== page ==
The spectacular flyover animation was generated from high resolution images taken by Dawn’s framing camera during April and May and is narrated by Marc Rayman, Dawn Chief Engineer and Mission Director of NASA’s Jet Propulsion Laboratory, Pasadena, California.

The video concludes with a 3D view, so you’ll need to whip out your handy red/blue glasses for the finale – a global view of the dwarf planet in 3D.

From the orbital altitude at that time ranging from about 8,400 miles (13,600 kilometers) to 2,700 miles (4,400 kilometers), the highest-resolution regions on Ceres have a resolution of 1,600 feet (480 meters) per pixel.

Pockmarked Ceres is an alien world unlike any other in our solar system, replete with unexplained bright spots and craters of many sizes, large and small.

Occatur has captured popular fascination world-wide because the 60 miles (90 kilometers) diameter crater is rife with a host of the bodies brightest spots and whose nature remains elusive to this day, nearly half a year after Dawn arrived in orbit this past spring.

“Now, after a journey of 3.1 billion miles (4.9 billion kilometers) and 7.5 years, Dawn calls Ceres, home,” says Rayman.

The crater is named after the Roman agriculture deity of harrowing, a method of pulverizing and smoothing soil.

Dawn is an international science mission managed by NASA and equipped with a trio of science instruments from the US, Germany and Italy. The framing camera was provided by the Max Planck Institute for Solar System Research, Göttingen, Germany and the German Aerospace Center (DLR).

The visible and infrared mapping spectrometer (VIR), provided by Italy is an imaging spectrometer that examines Ceres in visible and infrared light.

Dawn’s science team is using the instruments to investigate the light reflecting from Occator at different wavelengths.

From a distance, the crater appeared to be home to a duo of bright spots that looked like a pair of eyes. As Dawn moves ever closer, they became more resolved and now are split into dozens of smaller bright spots.

Global view of Ceres uses data collected by NASA's Dawn mission in April and May 2015.  The highest-resolution parts of the map have a resolution of 1,600 feet (480 meters) per pixel.  Credits: NASA/JPL-Caltech/UCLA/MPS/DLR/IDA/LPI/PSI
Global view of Ceres uses data collected by NASA’s Dawn mission in April and May 2015. The highest-resolution parts of the map have a resolution of 1,600 feet (480 meters) per pixel. Credits: NASA/JPL-Caltech/UCLA/MPS/DLR/IDA/LPI/PSI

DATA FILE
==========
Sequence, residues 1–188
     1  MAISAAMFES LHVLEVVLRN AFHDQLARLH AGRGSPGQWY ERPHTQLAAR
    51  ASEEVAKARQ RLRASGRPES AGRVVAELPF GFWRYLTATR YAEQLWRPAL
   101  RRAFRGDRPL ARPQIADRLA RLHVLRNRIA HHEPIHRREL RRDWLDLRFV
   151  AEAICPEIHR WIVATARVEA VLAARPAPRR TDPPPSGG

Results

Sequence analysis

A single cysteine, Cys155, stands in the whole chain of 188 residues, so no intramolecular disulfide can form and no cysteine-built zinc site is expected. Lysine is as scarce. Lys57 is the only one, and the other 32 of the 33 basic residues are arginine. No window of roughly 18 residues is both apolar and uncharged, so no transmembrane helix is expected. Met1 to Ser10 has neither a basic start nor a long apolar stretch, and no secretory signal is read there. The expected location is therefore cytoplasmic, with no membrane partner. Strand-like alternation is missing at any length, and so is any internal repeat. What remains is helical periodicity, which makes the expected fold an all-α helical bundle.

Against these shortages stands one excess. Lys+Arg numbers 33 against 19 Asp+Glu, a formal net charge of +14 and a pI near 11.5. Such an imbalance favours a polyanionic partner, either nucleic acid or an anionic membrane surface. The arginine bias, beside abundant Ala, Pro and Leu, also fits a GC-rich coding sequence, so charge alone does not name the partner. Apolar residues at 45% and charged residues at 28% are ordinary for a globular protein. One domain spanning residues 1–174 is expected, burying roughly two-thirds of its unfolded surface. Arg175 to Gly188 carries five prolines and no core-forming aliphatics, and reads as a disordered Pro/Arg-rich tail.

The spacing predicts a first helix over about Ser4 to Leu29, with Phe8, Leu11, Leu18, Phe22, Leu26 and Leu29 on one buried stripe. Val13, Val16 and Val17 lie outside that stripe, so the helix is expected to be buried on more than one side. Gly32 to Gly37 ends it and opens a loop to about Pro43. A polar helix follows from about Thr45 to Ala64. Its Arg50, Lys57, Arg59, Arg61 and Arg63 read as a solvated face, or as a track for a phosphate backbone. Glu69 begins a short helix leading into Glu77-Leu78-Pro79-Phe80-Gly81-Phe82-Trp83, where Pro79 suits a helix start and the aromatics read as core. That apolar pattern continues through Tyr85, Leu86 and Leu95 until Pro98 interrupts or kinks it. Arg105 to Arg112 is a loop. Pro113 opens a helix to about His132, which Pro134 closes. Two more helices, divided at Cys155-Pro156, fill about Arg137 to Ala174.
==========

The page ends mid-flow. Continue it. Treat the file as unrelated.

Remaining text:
Although some early speculation centered on the spots possibly being consistent with water ice or salts, newly gathered data “has not found evidence that is consistent with ice. The spots’ albedo -¬ a measure of the amount of light reflected -¬ is also lower than predictions for concentrations of ice at the surface,” according to the scientists.

“The science team is continuing to evaluate the data and discuss theories about these bright spots at Occator,” said Chris Russell, Dawn’s principal investigator at the University of California, Los Angeles, in a statement.

“We are now comparing the spots with the reflective properties of salt, but we are still puzzled by their source. We look forward to new, higher-resolution data from the mission’s next orbital phase.”
Occator lies in Ceres northern hemisphere.

The huge pyramidal mountain lies farther to the southeast of Occator – at 11 degrees south, 316 degrees east.

Based on the latest calculations, the mountain sits about 4 miles (6 kilometers) high, with respect to the surface around it. That make it roughly the same elevation as Mount McKinley in Denali National Park, Alaska, the highest point in North America.

Among the highest features seen on Ceres so far is a mountain about 4 miles (6 kilometers) high, which is roughly the elevation of Mount McKinley in Alaska's Denali National Park.  Vertical relief has been exaggerated by a factor of five to help understand the topography. Credits: NASA/JPL-Caltech/UCLA/MPS/DLR/IDA/LPI
Among the highest features seen on Ceres so far is a mountain about 4 miles (6 kilometers) high, which is roughly the elevation of Mount McKinley in Alaska’s Denali National Park. Vertical relief has been exaggerated by a factor of five to help understand the topography. Credits: NASA/JPL-Caltech/UCLA/MPS/DLR/IDA/LPI

The Texas-sized world is slightly smaller than previously thought. Based on new measurements from Dawn, Ceres’ average diameter to 584 miles (940 kilometers), compared to earlier estimates of 590 miles (950 kilometers).

Dawn made history in March when it simultaneously became the first probe from Earth to reach Ceres as well as the first spacecraft to orbit two extraterrestrial bodies.